The use of dentifrice as part of normal daily hygiene practices in the United States is widespread. In fact, there are so many dentifrice options in the oral care aisle today it can be overwhelming. Patients often turn to dental professionals for a product recommendation that will meet their specific oral care needs and desires. Understanding the regulatory environment that guides product claims as well as the process used by credentialing bodies to evaluate products is important as professionals discuss home care options with patients.
In the United States, the Food and Drug Administration (FDA) regulates therapeutic agents to ensure product safety and efficacy. Drugs can enter the market by one of two regulatory pathways. The most common pathway for over-the-counter (OTC) drugs is under the OTC Monograph system. There are three monographs that regulate OTC dentifrices.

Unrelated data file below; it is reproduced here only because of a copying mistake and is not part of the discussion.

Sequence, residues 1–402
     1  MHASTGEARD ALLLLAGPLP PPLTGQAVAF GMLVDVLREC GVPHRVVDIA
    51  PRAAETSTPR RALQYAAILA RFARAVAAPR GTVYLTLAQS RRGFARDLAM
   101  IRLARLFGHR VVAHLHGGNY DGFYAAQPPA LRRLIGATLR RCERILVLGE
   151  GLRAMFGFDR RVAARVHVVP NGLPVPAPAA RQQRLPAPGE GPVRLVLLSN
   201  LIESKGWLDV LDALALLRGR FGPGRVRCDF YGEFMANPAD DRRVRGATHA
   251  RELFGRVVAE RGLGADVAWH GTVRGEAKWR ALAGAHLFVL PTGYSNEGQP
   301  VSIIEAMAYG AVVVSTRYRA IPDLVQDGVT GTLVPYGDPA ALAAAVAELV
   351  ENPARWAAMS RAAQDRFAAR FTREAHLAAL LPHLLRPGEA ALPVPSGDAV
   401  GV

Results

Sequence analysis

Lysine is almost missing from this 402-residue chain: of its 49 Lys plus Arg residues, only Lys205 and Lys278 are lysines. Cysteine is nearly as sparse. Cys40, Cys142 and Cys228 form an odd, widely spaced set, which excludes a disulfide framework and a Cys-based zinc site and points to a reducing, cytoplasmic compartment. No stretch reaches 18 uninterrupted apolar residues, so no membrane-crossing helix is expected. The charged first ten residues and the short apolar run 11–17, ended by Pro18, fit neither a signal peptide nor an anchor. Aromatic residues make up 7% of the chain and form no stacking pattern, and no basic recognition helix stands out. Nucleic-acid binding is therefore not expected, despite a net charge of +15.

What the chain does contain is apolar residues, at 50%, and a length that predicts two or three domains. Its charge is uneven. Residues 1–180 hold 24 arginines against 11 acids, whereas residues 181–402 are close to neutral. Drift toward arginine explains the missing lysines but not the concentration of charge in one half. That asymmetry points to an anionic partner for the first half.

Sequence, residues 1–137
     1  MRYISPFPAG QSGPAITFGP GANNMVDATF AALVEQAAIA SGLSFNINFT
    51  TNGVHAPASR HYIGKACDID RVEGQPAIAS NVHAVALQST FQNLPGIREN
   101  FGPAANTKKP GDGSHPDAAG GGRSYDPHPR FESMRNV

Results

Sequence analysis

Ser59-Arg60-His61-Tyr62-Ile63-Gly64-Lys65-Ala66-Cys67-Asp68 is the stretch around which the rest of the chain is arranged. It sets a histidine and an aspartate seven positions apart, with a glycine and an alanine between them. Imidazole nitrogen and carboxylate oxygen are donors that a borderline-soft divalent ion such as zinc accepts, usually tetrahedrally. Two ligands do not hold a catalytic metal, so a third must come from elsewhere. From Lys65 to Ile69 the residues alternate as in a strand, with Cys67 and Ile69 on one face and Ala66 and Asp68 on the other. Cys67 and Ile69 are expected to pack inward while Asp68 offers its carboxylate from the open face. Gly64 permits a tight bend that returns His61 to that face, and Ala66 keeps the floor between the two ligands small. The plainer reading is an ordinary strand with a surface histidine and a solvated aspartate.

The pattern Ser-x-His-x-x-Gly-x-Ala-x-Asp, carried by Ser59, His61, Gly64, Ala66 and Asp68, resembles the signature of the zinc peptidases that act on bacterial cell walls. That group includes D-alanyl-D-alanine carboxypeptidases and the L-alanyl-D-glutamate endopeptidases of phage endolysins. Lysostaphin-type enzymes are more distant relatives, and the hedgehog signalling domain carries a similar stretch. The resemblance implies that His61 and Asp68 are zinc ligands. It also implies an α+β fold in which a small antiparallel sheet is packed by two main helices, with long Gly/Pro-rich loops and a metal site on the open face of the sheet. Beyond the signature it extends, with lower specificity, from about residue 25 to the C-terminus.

The second pathway is through a new drug application (NDA), which is used for new drug products that fall outside the range of ingredients already included in the OTC Monograph system. NDAs for dentifrices are uncommon, and require the manufacturer to demonstrate that the product is safe and effective through comprehensive clinical testing.
The American Dental Association (ADA), as the leading US dental professional association, takes an interest in educating the public on the safety and efficacy of oral health products. Its primary mechanism for this is by awarding the ADA Seal of Acceptance to qualifying products.
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